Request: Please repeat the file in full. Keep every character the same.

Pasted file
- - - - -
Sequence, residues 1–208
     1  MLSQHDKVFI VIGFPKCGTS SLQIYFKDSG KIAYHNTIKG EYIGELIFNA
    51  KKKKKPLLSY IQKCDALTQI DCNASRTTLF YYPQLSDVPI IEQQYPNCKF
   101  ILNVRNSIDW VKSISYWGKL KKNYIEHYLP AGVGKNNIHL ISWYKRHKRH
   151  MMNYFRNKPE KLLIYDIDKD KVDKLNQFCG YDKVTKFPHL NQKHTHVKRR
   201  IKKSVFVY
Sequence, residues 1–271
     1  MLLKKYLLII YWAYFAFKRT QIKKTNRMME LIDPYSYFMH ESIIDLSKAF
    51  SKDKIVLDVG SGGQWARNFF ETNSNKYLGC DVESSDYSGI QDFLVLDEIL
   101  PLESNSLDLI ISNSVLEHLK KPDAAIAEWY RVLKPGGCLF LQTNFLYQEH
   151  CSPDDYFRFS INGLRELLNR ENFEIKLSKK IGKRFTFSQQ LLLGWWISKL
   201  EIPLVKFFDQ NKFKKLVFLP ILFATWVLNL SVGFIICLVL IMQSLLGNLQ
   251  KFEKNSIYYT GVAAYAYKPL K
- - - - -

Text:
Sequence, residues 1–208
     1  MLSQHDKVFI VIGFPKCGTS SLQIYFKDSG KIAYHNTIKG EYIGELIFNA
    51  KKKKKPLLSY IQKCDALTQI DCNASRTTLF YYPQLSDVPI IEQQYPNCKF
   101  ILNVRNSIDW VKSISYWGKL KKNYIEHYLP AGVGKNNIHL ISWYKRHKRH
   151  MMNYFRNKPE KLLIYDIDKD KVDKLNQFCG YDKVTKFPHL NQKHTHVKRR
   201  IKKSVFVY
Sequence, residues 1–271
     1  MLLKKYLLII YWAYFAFKRT QIKKTNRMME LIDPYSYFMH ESIIDLSKAF
    51  SKDKIVLDVG SGGQWARNFF ETNSNKYLGC DVESSDYSGI QDFLVLDEIL
   101  PLESNSLDLI ISNSVLEHLK KPDAAIAEWY RVLKPGGCLF LQTNFLYQEH
   151  CSPDDYFRFS INGLRELLNR ENFEIKLSKK IGKRFTFSQQ LLLGWWISKL
   201  EIPLVKFFDQ NKFKKLVFLP ILFATWVLNL SVGFIICLVL IMQSLLGNLQ
   251  KFEKNSIYYT GVAAYAYKPL K